Bill was the marquee keynote at HIMSS 2013; Hillary headlines the 2014 show--so which Clinton will get more applause from the crowd? Perhaps it's the one whose name is often associated with another year--2016--these days.
OK, we can't say for sure which one will garner the most excitement, but we do know the room will be packed when the former first lady, New York state senator and secretary of state (pictured) takes the stage at this year's Healthcare Information and Management Systems Society's conference in Orlando, Fla. on Wednesday, February 26 at 4:30 p.m.
As first lady, Clinton advocated for universal healthcare, and worked to establish both the Children's Health Insurance Program and Early Head Start.
In 2007, then-Sen. Clinton proposed a sweeping healthcare law similar to the Affordable Care Act while on the presidential trail.
Mark Bertolini, chief executive officer of Aetna, will kick off the week with his keynote on Monday at 8:30 a.m. In an interview with HIMSS, he said he's seen the healthcare system "from every angle," which has convinced him the medical system needs to be better integrated and focus on patient-centered care.
What can HIMSS attendees expect to hear from Bertolini at the conference? The CEO plans on speaking on patient engagement, data analytics and interoperability programs at Aetna.
"The time is right that we move to an integrated healthcare model--one that fits the needs of healthcare consumers and is designed around them," he said in the interview. "I expect to share our vision for this model and the reasons compelling us to change."
Marilyn Tavenner, Centers for Medicare & Medicaid Services administrator, and Karen DeSalvo, M.D., the new national coordinator for health IT, take the stage on Thursday, February 27 at 8:30 a.m.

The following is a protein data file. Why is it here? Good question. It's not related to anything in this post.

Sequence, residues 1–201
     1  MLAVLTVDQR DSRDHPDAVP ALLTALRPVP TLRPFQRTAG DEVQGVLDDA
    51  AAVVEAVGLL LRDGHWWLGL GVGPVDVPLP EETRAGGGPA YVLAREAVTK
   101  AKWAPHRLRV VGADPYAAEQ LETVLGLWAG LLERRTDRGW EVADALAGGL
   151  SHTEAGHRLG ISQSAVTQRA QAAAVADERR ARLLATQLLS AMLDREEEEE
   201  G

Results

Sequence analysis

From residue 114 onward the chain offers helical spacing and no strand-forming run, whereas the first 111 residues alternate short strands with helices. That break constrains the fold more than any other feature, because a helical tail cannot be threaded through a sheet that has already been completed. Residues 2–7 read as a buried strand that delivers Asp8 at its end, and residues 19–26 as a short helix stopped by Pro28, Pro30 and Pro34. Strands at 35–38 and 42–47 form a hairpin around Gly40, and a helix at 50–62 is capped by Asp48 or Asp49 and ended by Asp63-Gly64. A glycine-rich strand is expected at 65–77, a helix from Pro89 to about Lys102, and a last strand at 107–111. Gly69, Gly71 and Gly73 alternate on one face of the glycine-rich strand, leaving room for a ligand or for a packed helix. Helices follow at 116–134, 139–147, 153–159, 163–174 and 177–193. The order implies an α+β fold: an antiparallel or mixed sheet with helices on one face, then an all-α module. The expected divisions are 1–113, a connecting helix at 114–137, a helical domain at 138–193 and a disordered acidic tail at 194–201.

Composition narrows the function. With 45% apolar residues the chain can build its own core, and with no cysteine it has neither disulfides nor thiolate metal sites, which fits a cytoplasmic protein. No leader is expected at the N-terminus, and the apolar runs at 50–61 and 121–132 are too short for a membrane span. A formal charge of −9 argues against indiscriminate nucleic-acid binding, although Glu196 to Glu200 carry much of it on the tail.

This will be the first time DeSalvo (right) speaks to such a large audience in her new role--though she recently spoke at the Health Care Innovation Day event in Washington, D.C., listing five keys to interoperability that would help ease the "slow boil of healthcare in the U.S."
DeSalvo also stressed the importance of population health at January's Health IT Policy Committee meeting, saying doctors, providers, the government and patients all need to broaden their thinking. Patients live in many other places than in the doctor's office and hospital, she said, and ideas about interoperability matter for aging in place, acute care and everyday wellness. Getting there is going to be a "complex and exciting endeavor," she said.
Tavenner is a frequent speaker, of course, defending the controversial data hub that connects state health insurance exchanges created under the Affordable Care Act with federal agencies, for example. She's remained positive during the rollout of HealthCare.gov, seeing it through security and enrollment issues, which will likely be a topic of conversation at this year's show.